(I’m once again with a reliable internet connection, digging my way through my mail and google.reader.)
Is our economy cash constrained? I don’t think this makes much sense, but the man who wants to teach the left how important monetary policy is (bla, bla) apparently thinks so. I shouldn’t comment, but it intersects with something I’m interested in talking about.
Yglesias begins discussing a twitter exchange (already we know this won’t end well!):
Yesterday on Twitter, I gave the short version of my theory of fixing the economy: “If people had more money, they’d buy more stuff, and more people would have jobs.”
I spelled out why I think giving people more money would lead to more spending and more employment here, but that Tweet prompted a telling objection from Sam Sherraden who asked “How about starting with ‘if ppl had more/better jobs they’d have more money.’”
I can imagine one identifying with either of the two statements, since even in their less than 140 characters they signal potential overall policy orientations. I could also see how people could take issues with either. One could ask Yglesias, who won’t allow policy inspecific discourse to taint leftist thought, how exactly we’d get money to people, and whether the people who’d receive that money would do much more spending. One could ask Sherraden, how do we magically start with more and better jobs? However, it is hard to see either, in themselves, as incorrect. Maybe that’s because we don’t have Yglesias’ intuition:
His way sounds commonsensical to people, but it’s actually wrong.
Aha! So to the average Joe his point makes sense, but it truly is wrong. Now, we know where this is leading. It happens all the time. The dance of aggregate demand and aggregate supply proponents. Yglesias will the make the pop-Keynesian point that of course if we had more employment this would mean more income and output, but how do we get more jobs without a demand for their output! Or will he?
His way sounds commonsensical to people, but it’s actually wrong. It’s true that if any given unemployed person had a job that he would have more money. It’s also true that if any given employed person got a higher paying job, he’d have more money. But it’s false that if the unemployment rate were lower, people in general would have more money overall. Society as a whole would have more real goods and services if there was less unemployment and more work happening. When people do useful work, that creates real output. But it doesn’t create money. The government creates money. Which is why the correct policy analysis starts with the observation that if people had more money they would buy more goods and services and more people would have jobs. More money would, in other words, lead to more output of real goods and services.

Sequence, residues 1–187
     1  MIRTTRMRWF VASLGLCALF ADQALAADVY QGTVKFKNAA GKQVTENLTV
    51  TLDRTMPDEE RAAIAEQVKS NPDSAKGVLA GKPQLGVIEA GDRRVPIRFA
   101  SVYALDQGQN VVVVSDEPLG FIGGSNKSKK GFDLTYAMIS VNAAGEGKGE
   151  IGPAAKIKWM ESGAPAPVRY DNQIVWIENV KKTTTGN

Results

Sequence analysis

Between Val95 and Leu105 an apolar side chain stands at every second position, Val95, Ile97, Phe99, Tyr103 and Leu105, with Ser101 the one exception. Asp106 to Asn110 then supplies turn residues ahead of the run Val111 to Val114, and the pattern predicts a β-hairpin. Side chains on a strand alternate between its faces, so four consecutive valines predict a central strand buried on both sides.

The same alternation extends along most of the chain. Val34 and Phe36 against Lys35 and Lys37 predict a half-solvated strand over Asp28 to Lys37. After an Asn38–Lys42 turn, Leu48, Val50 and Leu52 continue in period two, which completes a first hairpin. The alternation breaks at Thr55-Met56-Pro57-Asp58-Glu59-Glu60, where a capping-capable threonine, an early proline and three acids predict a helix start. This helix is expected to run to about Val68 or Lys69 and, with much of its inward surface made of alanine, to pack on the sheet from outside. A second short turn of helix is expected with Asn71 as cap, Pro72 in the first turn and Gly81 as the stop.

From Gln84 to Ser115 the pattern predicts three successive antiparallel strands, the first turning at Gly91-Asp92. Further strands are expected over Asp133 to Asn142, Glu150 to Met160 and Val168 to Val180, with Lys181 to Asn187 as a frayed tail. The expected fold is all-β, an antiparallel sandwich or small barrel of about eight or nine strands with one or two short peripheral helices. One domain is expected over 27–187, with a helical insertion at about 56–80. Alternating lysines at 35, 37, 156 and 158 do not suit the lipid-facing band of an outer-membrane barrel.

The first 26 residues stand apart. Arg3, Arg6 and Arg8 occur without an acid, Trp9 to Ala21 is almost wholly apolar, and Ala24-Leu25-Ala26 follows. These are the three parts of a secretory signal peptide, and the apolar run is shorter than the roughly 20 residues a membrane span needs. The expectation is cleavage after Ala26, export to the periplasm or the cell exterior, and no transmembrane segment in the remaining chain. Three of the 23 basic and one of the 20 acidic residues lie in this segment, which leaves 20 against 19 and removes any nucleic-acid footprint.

One doesn’t have to be a modern monetary theorist to admit enough endogeneity of money to make Yglesias’ critique sound bizarre. Assuming we interpret “more money” in a way in which it matters, wouldn’t an economy with more employment be one in which the endogenously generated supply/velocity of money was greater as well?
There is a way to interpret his criticism as sorta correct. It depends on what you mean by “have more money overall.” If you mean that the currency component of the money supply won’t increase, this might be true. We could have more jobs, more output, and more income without having more currency. Unfortunately, this is true only because “more money overall” in this sense doesn’t necessarily matter. To the extent it matters, it is only in the context of all the other aspects of our monetary-financial system. So yes, if currency in circulation stayed the same but employment/output/income increased it may be false to say “we have more money overall” in this specific sense, but who cares. It would also imply that non-currency components of the money supply and/or the velocity of money has increased. If the unemployment rate fell in half would we rush to check what components of the left side of the equation of exchange changed before smiling?